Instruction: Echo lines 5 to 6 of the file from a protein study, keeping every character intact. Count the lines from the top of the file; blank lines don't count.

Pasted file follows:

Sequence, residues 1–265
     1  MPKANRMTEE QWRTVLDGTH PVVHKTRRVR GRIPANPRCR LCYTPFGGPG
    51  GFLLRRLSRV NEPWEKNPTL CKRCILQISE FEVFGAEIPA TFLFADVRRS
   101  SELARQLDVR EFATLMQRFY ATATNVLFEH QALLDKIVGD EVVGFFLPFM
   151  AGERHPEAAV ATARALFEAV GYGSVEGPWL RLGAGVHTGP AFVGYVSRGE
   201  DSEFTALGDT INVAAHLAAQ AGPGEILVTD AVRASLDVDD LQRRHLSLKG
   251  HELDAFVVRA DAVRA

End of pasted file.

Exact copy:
   151  AGERHPEAAV ATARALFEAV GYGSVEGPWL RLGAGVHTGP AFVGYVSRGE
   201  DSEFTALGDT INVAAHLAAQ AGPGEILVTD AVRASLDVDD LQRRHLSLKG